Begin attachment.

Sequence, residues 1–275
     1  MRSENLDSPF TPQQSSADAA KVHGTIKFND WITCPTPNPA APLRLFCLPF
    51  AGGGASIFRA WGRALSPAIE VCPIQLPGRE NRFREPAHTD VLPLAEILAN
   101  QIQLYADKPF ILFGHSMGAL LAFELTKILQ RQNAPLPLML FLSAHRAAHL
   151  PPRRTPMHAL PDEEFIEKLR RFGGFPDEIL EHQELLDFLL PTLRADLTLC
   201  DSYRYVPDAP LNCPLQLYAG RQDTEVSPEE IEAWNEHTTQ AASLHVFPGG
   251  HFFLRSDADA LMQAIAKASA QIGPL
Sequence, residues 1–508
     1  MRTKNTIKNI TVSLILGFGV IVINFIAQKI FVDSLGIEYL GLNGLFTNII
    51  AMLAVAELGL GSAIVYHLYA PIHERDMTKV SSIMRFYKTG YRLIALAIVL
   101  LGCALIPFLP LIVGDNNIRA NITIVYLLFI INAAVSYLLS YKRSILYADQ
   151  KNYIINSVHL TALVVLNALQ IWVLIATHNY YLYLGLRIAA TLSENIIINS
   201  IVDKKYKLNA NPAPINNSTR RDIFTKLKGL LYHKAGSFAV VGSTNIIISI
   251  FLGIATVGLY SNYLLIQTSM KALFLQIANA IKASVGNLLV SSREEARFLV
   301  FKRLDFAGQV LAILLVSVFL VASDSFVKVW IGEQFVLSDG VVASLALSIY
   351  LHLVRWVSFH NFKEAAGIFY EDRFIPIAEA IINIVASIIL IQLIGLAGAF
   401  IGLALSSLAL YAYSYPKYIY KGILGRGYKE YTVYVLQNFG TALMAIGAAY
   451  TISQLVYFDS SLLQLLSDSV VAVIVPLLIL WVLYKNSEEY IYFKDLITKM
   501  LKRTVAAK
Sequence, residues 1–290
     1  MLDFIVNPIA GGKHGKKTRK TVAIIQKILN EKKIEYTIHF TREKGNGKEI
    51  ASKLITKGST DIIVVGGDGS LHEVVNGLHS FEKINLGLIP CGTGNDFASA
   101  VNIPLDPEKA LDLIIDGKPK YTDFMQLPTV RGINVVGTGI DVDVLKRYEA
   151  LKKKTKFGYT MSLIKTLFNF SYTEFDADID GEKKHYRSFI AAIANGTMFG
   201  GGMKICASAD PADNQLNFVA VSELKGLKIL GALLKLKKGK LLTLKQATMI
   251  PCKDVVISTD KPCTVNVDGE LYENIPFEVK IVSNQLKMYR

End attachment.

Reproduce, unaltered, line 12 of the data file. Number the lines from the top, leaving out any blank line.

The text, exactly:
   151  KNYIINSVHL TALVVLNALQ IWVLIATHNY YLYLGLRIAA TLSENIIINS